due to unwitting changes in the procedure such as the
amounts of the concentrated acids and temperature of the
reaction. The mass ratio of the acids as well as the
temperature of the reaction have been reported to lead to
product composition varying from a mixture of the o-, mand p-isomers to only the para-isomer. [20]

Statement of Competing Interests
The authors have no competing interests

Supporting Information
List of chemicals, student instructions for each activity,
lab report questions, lab report guidelines, instructor notes
and a table of student reported p- and o- integral values
and ratios calculated from them are available.

References
[1]
[2]
[3]
[4]

[5]
[6]

[7]
[8]


5. Conclusion
Students in second semester organic chemistry laboratory
course used a simple method – high resolution 1H NMR
spectroscopy - to determine directly from the crude, the
actual mole ratio of regio-isomeric products from the
electrophilic aromatic nitration reaction of alkylbenzenes
after removing the reaction solvent only. For the nitration
of isopropylbenzene, p/o ratio varied from 2.50 to 3.06,
with the average ratio being 2.74 ± 0.14. Based on the greater
than 2 values for the p/o ratio obtained by the lab teams,
students were able to conclude in their report of this activity,
that steric effect was much stronger than statistical and
electronic factors in controlling the regioselectivity of the
nitration of isopropylbenzene. The activities acquainted
students with the use of proton NMR spectroscopy for the
simple and direct quantitative analyses of any mixture of
known components and applied that knowledge to the
analysis of crude product mixtures of EAS reactions.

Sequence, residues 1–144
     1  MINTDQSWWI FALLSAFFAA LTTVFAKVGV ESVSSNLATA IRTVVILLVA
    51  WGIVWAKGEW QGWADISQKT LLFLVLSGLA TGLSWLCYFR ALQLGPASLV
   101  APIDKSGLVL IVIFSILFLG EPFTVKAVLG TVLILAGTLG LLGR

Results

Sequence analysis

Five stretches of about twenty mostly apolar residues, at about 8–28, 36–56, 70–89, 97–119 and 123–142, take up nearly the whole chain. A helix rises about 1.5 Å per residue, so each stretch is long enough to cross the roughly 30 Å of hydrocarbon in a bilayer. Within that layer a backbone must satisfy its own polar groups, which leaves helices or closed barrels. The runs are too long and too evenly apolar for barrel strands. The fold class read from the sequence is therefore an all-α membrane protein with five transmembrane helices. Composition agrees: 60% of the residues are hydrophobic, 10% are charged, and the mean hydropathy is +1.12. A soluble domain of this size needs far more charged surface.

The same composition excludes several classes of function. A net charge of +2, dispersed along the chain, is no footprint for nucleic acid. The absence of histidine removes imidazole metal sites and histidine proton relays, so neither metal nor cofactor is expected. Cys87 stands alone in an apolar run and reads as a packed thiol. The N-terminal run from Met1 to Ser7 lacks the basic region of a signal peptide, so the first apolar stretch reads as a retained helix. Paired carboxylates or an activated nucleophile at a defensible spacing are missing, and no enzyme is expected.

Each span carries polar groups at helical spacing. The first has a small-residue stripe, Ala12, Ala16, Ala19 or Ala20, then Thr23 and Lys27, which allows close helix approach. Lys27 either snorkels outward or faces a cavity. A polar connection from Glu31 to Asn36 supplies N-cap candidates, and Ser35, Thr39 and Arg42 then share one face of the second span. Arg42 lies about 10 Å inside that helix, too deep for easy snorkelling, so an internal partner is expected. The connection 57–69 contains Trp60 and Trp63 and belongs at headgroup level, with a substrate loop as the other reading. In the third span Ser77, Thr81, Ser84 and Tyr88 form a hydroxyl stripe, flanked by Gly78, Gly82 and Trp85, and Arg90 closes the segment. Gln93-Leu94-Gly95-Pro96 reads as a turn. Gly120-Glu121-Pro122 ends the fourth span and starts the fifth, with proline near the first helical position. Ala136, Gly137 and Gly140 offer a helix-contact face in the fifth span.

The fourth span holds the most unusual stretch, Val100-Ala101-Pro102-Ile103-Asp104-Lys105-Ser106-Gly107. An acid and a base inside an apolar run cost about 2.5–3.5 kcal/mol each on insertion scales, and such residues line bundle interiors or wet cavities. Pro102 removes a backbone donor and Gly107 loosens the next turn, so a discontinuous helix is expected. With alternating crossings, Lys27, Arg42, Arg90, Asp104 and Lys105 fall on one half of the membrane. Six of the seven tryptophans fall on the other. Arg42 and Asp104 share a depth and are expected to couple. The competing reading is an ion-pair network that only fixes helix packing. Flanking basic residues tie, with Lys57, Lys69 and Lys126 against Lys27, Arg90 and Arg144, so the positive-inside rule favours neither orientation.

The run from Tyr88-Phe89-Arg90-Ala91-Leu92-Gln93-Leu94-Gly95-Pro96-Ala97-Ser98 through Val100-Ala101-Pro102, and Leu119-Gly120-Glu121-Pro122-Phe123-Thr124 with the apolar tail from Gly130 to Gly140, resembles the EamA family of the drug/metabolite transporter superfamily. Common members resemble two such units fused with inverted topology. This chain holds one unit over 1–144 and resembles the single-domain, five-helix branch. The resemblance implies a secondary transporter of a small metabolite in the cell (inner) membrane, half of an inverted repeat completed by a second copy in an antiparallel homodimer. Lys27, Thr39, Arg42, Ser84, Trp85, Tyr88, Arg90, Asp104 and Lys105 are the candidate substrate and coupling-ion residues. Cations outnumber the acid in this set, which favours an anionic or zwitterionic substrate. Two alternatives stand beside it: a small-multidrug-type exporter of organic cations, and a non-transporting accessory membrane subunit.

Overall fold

Acknowledgements
Support from the United States National Science
Foundation for the acquisition of a 400 MHz NMR
spectrometer (Grant # CHE-0722510) is acknowledged.

219

[9]

[10]

[11]
[12]

[13]

[14]

[15]

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Jarret, R. M., New, J. and Patraitis, C. Electrophilic
Aromatic Substitution Discovery Lab. J. Chem. Educ. 1995, 72(5),
457-459.
Davis, M.; Deady, L.W.; Paproth, T.G. The Nitration of
Alkylbenzenes: A Lecture Demonstration. J. Chem. Educ. 1978,
55(1), 34.
Kutateladze, A. G., and Hornback, J. M. Determination of the
Position of the Conformational Equilibrium of a Trans 1,2Disubstituted Cyclohexane by NMR Spectroscopy: An
Experiment in Physical Organic Chemistry for Undergraduate
Students. J. Chem. Educ. 2001, 78(1), 81-82.
Drexler, E. J., and Field, K. W. An NMR Study of Keto-Enol
Tautomerism in β-Dicarbonyl Compounds. J. Chem. Educ. 1976,
53(6), 392-393.
Markovic, R., Baranac, M., Jovanovic, V., and Dzabaski, Z.
Regioselective Synthesis of a Stereodefined Heterocyclic PushPull Alkene: 1H NMR Studies and Two-Dimensional TLC
Illustrating Z/E Isomerization. J. Chem. Educ. 2004, 81(7), 10261029.
Friesen, J. B., and Schretzman, R. Dehydration of 2-Methyl-1cyclohexanol: New Findings from a Popular Undergraduate
Laboratory Experiment. J. Chem. Educ. 2011, 88, 114-1147.
Saba, S., Clarke, D. D., Iwanoski, C., and Lobasso, T. Using NMR

to Probe the Regio- and Stereochemistry of the Hydration of
1-Hexene. J. Chem. Educ. 2010, 87(11), 1238-1241.
Centco, R. S., and Mohan, R. S. The Discovery-Oriented
Approach to Organic Chemistry. 4. Epoxidation of p-Methoxytrans-β-methylstyrene: An Exercise in NMR and IR Spectroscopy